This week's sidrah tells us that in times of war there are certain people who are exempt from military service, though they still have to contribute to the war effort with some form of national service. Among those people is someone who has built a new home but not yet inaugurated it.
Describing the first use of a house as an inauguration is a very significant use of language. The Torah could have made reference to a person who hasn't yet lived in his new house or hasn't yet moved into his new home. But instead it uses the Hebrew word chanacho with the root letters chet-nun-kaf and related to the word Chanucah, which means dedication.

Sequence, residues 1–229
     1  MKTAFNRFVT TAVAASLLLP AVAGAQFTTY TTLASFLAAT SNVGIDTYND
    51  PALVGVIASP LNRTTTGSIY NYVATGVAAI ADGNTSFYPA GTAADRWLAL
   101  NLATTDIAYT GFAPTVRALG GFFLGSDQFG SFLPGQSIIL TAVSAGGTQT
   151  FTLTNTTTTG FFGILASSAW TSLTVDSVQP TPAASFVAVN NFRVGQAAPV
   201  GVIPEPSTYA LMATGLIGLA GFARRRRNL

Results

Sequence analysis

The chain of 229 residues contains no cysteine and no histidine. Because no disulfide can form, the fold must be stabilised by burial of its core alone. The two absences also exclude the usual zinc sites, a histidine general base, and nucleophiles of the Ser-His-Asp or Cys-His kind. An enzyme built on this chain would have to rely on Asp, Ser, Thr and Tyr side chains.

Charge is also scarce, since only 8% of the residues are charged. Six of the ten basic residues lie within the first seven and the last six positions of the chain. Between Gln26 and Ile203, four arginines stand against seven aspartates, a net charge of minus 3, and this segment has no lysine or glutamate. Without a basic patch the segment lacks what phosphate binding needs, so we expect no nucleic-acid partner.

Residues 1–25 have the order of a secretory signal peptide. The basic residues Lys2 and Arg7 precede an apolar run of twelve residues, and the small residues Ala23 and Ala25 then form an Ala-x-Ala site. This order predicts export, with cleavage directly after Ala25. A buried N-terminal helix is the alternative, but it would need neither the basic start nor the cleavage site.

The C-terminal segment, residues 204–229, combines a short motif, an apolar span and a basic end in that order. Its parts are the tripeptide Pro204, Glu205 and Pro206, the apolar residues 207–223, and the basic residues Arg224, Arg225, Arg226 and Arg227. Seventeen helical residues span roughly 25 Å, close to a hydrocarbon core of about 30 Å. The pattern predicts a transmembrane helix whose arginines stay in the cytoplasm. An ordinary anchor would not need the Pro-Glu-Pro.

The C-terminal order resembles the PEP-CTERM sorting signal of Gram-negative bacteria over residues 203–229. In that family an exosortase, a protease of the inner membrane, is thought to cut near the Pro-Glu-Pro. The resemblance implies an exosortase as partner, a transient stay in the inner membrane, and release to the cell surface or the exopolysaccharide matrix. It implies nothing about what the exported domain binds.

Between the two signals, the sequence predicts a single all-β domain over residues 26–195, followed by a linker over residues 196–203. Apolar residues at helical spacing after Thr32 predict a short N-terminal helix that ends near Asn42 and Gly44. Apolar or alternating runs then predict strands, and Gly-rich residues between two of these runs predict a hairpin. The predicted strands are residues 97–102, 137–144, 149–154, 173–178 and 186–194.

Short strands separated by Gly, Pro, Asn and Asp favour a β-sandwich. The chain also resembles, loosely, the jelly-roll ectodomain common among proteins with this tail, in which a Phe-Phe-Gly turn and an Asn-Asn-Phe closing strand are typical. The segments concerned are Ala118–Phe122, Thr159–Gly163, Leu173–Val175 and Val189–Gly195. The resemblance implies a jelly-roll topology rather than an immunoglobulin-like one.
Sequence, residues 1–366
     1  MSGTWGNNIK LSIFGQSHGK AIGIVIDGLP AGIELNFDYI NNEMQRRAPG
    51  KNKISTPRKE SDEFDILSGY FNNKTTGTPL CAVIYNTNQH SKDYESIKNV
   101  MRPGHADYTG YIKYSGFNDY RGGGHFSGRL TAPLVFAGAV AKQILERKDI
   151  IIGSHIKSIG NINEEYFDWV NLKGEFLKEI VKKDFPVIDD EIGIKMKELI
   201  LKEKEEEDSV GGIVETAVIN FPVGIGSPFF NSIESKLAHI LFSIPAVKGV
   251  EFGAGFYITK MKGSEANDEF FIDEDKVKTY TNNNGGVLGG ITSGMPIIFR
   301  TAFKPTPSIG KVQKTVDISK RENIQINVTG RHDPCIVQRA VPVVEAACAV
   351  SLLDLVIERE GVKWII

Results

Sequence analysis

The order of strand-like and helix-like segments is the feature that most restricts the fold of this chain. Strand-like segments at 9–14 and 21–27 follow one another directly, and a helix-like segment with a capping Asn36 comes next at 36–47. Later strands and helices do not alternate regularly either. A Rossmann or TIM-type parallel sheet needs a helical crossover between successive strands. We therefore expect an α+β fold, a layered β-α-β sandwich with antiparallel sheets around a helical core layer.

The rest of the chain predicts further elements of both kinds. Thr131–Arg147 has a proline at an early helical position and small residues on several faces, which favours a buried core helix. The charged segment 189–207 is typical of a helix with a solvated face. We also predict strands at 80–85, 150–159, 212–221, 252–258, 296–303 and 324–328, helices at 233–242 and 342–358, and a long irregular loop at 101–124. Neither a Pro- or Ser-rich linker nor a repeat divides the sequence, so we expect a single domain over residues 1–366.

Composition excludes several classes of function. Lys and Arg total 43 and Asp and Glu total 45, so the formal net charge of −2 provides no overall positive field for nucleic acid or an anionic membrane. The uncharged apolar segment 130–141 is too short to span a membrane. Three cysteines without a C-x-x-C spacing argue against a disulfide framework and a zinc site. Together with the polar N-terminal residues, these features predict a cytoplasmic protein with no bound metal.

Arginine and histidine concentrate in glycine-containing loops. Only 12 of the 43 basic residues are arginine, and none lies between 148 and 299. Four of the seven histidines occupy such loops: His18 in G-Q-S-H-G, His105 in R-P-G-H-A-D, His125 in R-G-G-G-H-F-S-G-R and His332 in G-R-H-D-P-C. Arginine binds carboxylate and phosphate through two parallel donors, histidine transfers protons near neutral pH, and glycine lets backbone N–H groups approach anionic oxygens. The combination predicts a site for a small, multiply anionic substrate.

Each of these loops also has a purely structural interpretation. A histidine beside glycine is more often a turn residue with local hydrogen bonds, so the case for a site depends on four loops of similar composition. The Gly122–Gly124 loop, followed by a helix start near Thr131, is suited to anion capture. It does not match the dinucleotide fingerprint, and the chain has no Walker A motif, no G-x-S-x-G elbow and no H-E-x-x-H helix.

This indicates that a house or a home must be more than just a utility. The 19th-century commentator Rav Samson Raphael Hirsch points out that the use of this word shows us that a home must be elevated from its purely functional purpose to a higher moral and spiritual plane.
Most people want their homes to be pleasant environments that will be comfortable and easy to live in. They spend money and effort ensuring that the facilities, utilities and furnishings are the best that they can afford. The sages of the Talmud recognised this phenomenon and said that a nice home with nice furnishings are among the things that enhance a person's emotional wellbeing (Berachot 57b).
But it is equally important to ensure that the homes that we build are dedicated to something more than just material comfort and convenience.
A home which has been dedicated, in the sense of the word chanacho as it appears in this week's sidrah, is one where Torah learning, mitzvah observance and kindness to others, combined with an aspiration for spiritual growth, are all high on the agenda of those who inhabit that home.